‘Sifu’ has a martial arts formula that increases well

Beat-em-up was one of the favorite game genres of the ’90s. “Final Fight”, “Teenage Mutant Ninja Turtles”, “Golden Ax” – these games were short in terms of story but long in quarterly gameplay. Players make their way through armies of thugs, and even if their skills are poor, they can finish the arcade game with enough money.

With the advent of consoles, the popularity of beat-em-up has faded, but every now and then comes a project that reminds fans of what they love about the genre. The most recent example is Sloughlap’s “Sifu,” a tale of revenge in a cruel martial arts.

Like those rhythmic beats, setup is simple. A gang of fighters is attacking and killing Sifu or the master of a martial arts school. Players take on the role of his only child – the hero can be male or female – who witnesses death and is also killed in its wake. This is what the Kung Fu Guild believes in, but what they didn’t know was that the kid had a magical spell that revives the hero at the cost of lifespan.

One of the hooks that makes “Sifu” special is that players grow up when they die due to a magical spell. It makes martial artists stronger offensively but getting older also costs them their health bar. Follow Favorite

Age as a mechanism of play
If a martial artist dies, she will come back to life but she will be a year older than that. This is one of the main hooks that Sloclap offers with “Sifu”. This means that players’ lives are limited by how good they are in combat. If they continue to die, aging accelerates rapidly. Falling into battle costs one year, crashing again costs two, and dying a third time costs three.

Failures accumulate quickly and the champion eventually aging in a matter of minutes. Just as in real life, age comes with trade-offs. Players max health decreases but their damage output increases. This means that as players get older, defensive maneuvers like blocking and dribbling become more important to preserving the little lives they have.

With five levels of fierce enemies, players will have a hard time achieving this revenge. At first, they will die a lot as they acclimate to Sifu’s complex combat system. Players have light and heavy attacks, dodge and block, but Sloclap’s layers in mechanics reward experts who can read and block opponents’ attacks. “Sifu” is a hit game that equals precision in which players memorize combos and discover tactics to counter swarming mobs. (Pro tip: Don’t get cornered.)

In Sifu, players take on the role of a martial artist who seeks revenge against a gang that murdered her teacher. Follow Favorite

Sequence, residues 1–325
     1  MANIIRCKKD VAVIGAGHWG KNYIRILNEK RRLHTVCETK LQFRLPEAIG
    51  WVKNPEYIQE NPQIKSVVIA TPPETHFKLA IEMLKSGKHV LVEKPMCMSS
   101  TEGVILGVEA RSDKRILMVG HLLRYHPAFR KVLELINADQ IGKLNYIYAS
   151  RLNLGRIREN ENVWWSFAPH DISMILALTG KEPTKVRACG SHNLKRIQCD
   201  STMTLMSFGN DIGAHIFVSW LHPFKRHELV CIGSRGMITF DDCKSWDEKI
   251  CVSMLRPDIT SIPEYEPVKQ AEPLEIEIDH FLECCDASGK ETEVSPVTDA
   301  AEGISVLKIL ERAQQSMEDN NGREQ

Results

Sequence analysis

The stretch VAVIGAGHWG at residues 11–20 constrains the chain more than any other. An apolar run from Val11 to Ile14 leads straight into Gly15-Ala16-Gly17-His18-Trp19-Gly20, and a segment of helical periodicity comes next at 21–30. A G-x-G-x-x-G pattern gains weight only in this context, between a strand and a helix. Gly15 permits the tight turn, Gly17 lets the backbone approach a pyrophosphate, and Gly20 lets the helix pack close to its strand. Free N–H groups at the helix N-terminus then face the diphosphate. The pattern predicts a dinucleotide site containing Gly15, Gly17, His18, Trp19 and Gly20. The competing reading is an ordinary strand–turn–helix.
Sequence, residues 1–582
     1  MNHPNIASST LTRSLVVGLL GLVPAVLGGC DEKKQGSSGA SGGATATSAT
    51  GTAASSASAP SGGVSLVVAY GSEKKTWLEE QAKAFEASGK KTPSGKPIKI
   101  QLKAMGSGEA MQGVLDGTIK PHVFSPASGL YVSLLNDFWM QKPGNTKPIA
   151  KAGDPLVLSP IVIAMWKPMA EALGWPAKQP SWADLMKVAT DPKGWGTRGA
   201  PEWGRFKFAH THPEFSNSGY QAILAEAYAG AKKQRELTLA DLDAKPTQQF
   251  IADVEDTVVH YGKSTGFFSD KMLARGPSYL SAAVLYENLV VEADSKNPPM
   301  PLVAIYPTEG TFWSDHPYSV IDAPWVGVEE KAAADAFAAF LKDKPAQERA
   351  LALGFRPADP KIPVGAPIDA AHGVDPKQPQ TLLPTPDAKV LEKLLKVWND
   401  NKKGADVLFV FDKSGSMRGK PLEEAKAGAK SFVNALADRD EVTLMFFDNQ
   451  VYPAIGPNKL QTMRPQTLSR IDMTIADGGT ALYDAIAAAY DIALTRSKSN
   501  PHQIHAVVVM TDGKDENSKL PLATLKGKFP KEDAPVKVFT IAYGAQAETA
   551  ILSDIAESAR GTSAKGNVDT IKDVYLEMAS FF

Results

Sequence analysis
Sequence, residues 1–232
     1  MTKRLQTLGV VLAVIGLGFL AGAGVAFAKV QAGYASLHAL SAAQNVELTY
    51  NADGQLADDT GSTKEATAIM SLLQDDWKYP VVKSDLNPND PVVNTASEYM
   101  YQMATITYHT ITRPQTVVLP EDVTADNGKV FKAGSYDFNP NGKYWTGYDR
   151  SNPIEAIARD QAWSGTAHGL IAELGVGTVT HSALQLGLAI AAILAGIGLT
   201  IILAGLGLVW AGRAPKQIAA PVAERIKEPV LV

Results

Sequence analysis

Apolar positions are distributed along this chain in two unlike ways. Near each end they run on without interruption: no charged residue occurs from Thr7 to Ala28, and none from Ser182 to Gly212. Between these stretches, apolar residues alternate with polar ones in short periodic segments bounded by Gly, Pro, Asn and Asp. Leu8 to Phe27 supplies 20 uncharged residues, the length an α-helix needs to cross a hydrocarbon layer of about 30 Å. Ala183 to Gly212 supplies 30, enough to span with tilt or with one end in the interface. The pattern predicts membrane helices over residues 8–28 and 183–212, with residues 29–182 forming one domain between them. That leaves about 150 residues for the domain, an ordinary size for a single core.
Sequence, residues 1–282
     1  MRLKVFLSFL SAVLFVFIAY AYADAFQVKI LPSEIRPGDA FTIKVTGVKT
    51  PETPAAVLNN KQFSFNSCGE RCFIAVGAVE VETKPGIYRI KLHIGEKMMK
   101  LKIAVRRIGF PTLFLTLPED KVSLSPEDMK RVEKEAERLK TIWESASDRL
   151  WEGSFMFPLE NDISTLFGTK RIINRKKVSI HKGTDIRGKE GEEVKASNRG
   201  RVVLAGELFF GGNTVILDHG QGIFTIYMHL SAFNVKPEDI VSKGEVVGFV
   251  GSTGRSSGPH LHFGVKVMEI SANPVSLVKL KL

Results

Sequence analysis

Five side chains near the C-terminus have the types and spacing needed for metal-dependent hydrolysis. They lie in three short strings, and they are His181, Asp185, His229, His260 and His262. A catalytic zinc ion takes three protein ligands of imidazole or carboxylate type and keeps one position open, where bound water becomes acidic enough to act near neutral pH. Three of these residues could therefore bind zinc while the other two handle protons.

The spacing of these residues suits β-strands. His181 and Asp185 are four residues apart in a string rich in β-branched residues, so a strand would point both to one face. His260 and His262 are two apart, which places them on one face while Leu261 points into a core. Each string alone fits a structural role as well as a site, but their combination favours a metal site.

Working for the perfect race
Success will not come overnight and the campaign will benefit from many games. If players finish The Squats at the age of 36, they will move on to the next level at that age. If they can complete this part of the task at the age of 62, they will begin the museum chapter in the same year of age. With death approaching past the age of 70, entering the later levels as an older fighter is very difficult.

Fortunately, players can replay stages and with a better sense of combat, they can finish a level with the fewest deaths. Instead of starting the next chapter in his 30s, an experienced player can turn 21 when visiting the club, tear up the stage and head to the next one better.

These mechanisms make “Sifu” frustratingly difficult. It’s almost like trying to pass Final Fight on an arcade budget of $2. One of the savings features is that players can earn experience points and use them to unlock additional moves. Moreover, players will discover shrines where they can upgrade their hero depending on their gameplay. These perks have different requirements but cater to styles that focus on survival, weapons, or calculated focus attacks.

Unfortunately, most of the character’s progress is erased after the player’s final death while running. The only skills players keep are those that are permanently unlocked, but they cost a lot of XP. Players have to grind to unlock everything. This element and the acronyms in “Sifu” add a slight sinister aspect to the Beat-em-up genre.

The blending works well and gives the project a modern feel complemented by elegant visuals. “Sifu” has had Asian cinema up its sleeve with references to the films “Old Boy” and Bruce Lee.


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